- Calcium needs are not increased during pregnancy, but it’s important to make sure you’re getting enough. Many prenatal multivitamins contain insufficient amounts compared to your needs.
- The amount needed during pregnancy is 1000 mg per day.
- The amount of calcium commonly found in foods and drinks can be found at Healthlink BC.
- If you require an additional calcium supplement, calcium carbonate can be constipating whereas calcium citrate is non-constipating.
- The minimum daily requirement during pregnancy is 600 IU per day.
- Given vitamin D is important for the immune system and for helping to control inflammation in the gut, it may be beneficial to aim for closer to 2000 IU per day.
- Since diet alone usually provides minimal vitamin D and the dose of vitamin D in prenatal multivitamins is typically no more than 1000 IU, you may wish to take an additional vitamin D supplement.
- Choline is a nutrient that is important for fetal brain development, placental health, and prevention of neural tube defects.
- The amount needed during pregnancy is 450 mg per day.
- It can be difficult to get enough from your diet unless you consume eggs and/or liver regularly. The amount of choline commonly found in foods can be found at Food Sources of Choline.
- Prenatal multivitamins typically contain no choline or very low amounts of choline. If you can’t get enough from your prenatal multivitamin and your diet, it’s recommended that you take an additional supplement.
- The amount needed during pregnancy is 220 mcg per day.
- If your prenatal multivitamin doesn’t contain at least 150 mcg of iodine, it’s important to ensure you’re getting enough from dietary sources and/or an additional supplement.
- An easy way to increase your iodine intake is by using iodized table salt for cooking. Natural sea salt, kosher salt, and pickling salt are naturally low in iodine. Dairy and seafood are examples of iodine-rich sources. The amount of iodine commonly found in foods can be found at Food Sources of Iodine.
The majority of herbal supplements have not been studied in pregnancy and it’s therefore recommended to avoid them. This is often indicated in the cautions and warnings section of the supplement label. While this includes many probiotics, if you were taking a probiotic before pregnancy that you were benefitting from, it’s generally safe to continue taking it during your pregnancy. However, taking high doses of individual vitamins and minerals can be harmful, so it’s best to check with your healthcare provider if you’re taking additional supplements apart from those mentioned above. See the next section for specific considerations related to vitamin A. Health Canada’s Dietary Reference Intake tables provide the Tolerable Upper Intake Level (UL) during pregnancy for select vitamins and minerals where there is adequate research.
- There are many food safety precautions to be aware of during pregnancy, including certain types of foods that should be avoided. Details can be found at Health Canada.
- Health Canada advises to consume <300 mg per day, but more recent research has caused the American College of Obstetrics and Gynecology to set their recommendation as <200 mg per day.
- The average caffeine content of foods and drinks can be found at Health Canada.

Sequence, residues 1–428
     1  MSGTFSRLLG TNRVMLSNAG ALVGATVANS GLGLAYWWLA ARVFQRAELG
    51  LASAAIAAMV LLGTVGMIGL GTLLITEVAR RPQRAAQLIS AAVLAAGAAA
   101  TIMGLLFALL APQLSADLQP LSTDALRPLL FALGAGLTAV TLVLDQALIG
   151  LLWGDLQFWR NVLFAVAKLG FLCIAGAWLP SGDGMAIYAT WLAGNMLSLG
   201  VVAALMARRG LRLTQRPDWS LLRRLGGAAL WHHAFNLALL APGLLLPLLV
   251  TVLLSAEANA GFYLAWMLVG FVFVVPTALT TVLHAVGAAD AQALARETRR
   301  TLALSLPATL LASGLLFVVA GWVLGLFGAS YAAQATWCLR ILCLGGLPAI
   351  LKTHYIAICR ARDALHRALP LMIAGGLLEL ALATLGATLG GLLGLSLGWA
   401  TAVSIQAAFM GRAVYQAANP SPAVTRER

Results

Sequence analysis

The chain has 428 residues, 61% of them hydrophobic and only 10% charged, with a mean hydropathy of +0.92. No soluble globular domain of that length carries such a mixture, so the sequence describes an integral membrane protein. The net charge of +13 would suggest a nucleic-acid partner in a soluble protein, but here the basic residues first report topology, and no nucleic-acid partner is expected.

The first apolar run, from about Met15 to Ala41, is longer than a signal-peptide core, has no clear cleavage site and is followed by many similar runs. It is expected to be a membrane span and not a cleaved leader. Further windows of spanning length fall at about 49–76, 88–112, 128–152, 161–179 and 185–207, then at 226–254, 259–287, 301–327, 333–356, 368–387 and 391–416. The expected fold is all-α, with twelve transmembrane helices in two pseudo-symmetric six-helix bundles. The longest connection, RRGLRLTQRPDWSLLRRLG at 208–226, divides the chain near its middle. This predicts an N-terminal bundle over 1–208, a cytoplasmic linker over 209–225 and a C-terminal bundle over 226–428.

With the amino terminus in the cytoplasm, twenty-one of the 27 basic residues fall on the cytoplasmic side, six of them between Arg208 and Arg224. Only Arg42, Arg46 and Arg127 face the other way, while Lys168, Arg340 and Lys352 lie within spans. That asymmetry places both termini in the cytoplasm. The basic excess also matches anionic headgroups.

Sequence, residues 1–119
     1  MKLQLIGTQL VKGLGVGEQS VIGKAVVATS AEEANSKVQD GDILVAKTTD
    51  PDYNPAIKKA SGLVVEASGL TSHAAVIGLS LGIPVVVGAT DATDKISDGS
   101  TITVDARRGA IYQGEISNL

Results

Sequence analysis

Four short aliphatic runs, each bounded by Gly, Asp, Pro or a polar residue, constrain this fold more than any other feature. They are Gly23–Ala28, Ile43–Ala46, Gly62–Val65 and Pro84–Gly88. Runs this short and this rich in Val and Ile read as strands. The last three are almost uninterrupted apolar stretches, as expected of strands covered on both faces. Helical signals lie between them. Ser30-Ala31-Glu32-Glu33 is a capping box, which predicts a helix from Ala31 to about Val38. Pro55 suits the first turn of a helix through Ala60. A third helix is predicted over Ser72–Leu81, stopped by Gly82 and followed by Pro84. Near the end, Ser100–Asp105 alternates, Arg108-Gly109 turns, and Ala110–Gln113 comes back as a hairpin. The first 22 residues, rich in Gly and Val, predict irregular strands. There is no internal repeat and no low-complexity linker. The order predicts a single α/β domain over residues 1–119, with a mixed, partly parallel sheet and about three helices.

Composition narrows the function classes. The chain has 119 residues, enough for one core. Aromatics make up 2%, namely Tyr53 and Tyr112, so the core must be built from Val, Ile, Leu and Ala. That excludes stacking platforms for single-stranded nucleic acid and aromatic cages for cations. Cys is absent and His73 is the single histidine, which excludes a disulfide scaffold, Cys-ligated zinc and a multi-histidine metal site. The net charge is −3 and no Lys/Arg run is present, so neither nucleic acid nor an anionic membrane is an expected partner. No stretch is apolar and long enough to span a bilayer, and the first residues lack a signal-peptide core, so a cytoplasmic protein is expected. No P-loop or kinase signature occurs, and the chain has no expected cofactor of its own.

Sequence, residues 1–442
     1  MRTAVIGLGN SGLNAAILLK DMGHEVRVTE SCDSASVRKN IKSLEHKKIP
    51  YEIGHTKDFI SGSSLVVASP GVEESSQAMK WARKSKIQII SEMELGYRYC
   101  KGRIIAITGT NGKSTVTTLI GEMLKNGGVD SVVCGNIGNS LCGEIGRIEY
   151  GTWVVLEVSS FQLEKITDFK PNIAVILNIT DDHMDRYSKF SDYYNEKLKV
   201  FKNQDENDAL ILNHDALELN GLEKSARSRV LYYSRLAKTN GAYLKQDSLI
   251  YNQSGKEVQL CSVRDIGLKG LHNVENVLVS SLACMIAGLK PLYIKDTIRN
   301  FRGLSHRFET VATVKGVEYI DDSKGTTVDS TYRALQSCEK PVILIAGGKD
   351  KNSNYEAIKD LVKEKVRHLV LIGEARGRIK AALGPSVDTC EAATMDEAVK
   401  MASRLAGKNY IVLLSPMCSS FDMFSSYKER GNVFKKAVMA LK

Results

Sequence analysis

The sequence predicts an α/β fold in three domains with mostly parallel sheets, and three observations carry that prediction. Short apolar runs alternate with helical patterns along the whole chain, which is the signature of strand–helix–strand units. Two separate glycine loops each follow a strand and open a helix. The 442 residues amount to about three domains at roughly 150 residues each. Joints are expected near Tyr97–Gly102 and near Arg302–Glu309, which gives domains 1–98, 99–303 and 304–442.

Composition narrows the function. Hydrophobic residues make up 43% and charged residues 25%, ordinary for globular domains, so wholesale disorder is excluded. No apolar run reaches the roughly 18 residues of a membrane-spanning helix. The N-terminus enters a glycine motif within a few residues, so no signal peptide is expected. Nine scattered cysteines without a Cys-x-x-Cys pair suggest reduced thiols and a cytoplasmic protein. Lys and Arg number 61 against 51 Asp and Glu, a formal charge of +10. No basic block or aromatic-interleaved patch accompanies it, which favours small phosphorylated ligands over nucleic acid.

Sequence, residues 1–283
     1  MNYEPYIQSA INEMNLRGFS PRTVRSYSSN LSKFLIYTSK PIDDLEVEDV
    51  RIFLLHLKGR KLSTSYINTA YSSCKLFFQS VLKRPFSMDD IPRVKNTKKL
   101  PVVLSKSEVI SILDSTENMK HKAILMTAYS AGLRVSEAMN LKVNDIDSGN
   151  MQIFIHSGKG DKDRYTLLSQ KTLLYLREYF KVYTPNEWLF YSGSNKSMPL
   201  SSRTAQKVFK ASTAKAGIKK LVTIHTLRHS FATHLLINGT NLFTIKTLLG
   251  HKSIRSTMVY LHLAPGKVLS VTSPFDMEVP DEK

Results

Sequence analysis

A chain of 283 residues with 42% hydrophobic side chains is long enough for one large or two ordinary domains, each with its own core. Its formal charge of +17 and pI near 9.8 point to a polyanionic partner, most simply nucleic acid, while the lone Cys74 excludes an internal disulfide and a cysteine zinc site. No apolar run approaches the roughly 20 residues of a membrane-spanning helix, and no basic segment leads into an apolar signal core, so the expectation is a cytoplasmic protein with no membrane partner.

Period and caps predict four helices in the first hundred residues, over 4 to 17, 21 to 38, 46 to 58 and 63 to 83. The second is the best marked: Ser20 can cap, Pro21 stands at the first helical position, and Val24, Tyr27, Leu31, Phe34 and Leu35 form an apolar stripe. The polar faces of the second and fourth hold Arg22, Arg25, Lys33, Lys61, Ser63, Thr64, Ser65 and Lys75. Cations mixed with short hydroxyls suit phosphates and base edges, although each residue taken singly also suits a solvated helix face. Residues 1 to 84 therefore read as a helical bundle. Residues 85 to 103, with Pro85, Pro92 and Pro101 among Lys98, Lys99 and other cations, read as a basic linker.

- 2-3 cups of tea per day made from the following are generally safe during pregnancy: ginger, orange peel, lemon balm, peppermint, rose hip, echinacea, red raspberry leaf (in second and third trimesters).
- Avoid other types of tea such as chamomile, licorice, fennel, and sage.
- Safe levels are not known so it’s recommended to avoid it completely during pregnancy.
- Ideally, you should also be avoiding it when trying to conceive.
- Stick to the amount found in prenatal multivitamins as excess supplementation may lead to birth defects.
- While getting vitamin A from foods is safe, avoid having liver more than once per week during the first trimester.
- Avoid fish liver oil supplements as they are high in vitamin A.
Non-Nutritive Sweeteners (e.g., aspartame, acesulfame potassium, stevia, polyols, saccharin, neotame and thaumatin)
- These are safe to consume in moderation.
Managing Gastrointestinal Symptoms
- It’s relatively common in pregnancy and is primarily related to increased progesterone levels, which cause relaxation of the muscles in the bowel leading to slower transit time.
- To help manage, have adequate fluids and fibre and regularly move your body.
- If your prenatal multivitamin seems to be making your constipation worse, you may benefit from taking an iron-free prenatal multivitamin and a heme iron supplement instead.
- This can be triggered by relaxation of the esophageal sphincter from increased hormone levels and pressure from the baby.
- To help manage, have small frequent meals, have fluids away from meals, avoid wearing tight clothing, remain upright for 2-3 hours after meals and avoid eating a few hours before bed.
- Some foods that may make heartburn worse include peppermint, chocolate, deep fried/fatty foods, citrus, tomato products, spicy foods, garlic and onions.
- It’s most common in the first trimester and usually eases up starting in the second trimester.
- To help manage, have something to eat first thing in the morning, have small frequent meals to avoid becoming overly hungry, have fluids away from meals, snack on salty and/or carbohydrate rich foods (e.g., crackers, toast, smoothies, fruits etc.), and try having more cold foods and fluids. Also try to include a protein and fat source at meals to help stabilize blood sugars, as fluctuations can make nausea worse.
- Supplements that may help with nausea include:
- Ginger tea (made with tea bag or freshly grated ginger), ginger candies, or ginger capsules (limit to 1000 mg per day).
- Vitamin B6 in doses of 25 mg taken up to 3X per day.
- Canada, H. (2012, February 16). Government of Canada. Canada.ca. https://www.canada.ca/en/health-canada/services/food-nutrition/food-safety/food-additives/caffeine-foods/foods.html.
- Canada, H. (2010, January 14). Government of Canada. Canada.ca. https://www.canada.ca/en/health-canada/services/publications/food-nutrition/prenatal-nutrition-guidelines-health-professionals-background-canada-food-guide-2009.html.
- Dietitians of Canada. Pregnancy: Summary of Recommendations and Evidence. In: Practice-based Evidence in Nutrition [PEN]. 2020 April 13. Available from: https://www-pennutrition-com/KnowledgePathway.aspx?kpid=3043&trid=3104&trcatid=42
- Nichols, L. (2018). Real food for pregnancy: the science and wisdom of optimal prenatal nutrition. Lily Nichols.
- Position of the American Dietetic Association: Use of Nutritive and Nonnutritive Sweeteners. (2004). Journal of the American Dietetic Association, 104(2), 255–275. https://doi.org/10.1016/j.jada.2003.12.001
- Sahakian, V., Rouse, D., Sipes, S., Rose, N., & Niebyl, J. (1992). Vitamin B6 is effective therapy for nausea and vomiting of pregnancy: A randomized, double-blind placebo-controlled study. International Journal of Gynecology & Obstetrics, 38(2), 151–151. https://doi.org/10.1016/0020-7292(92)90077-v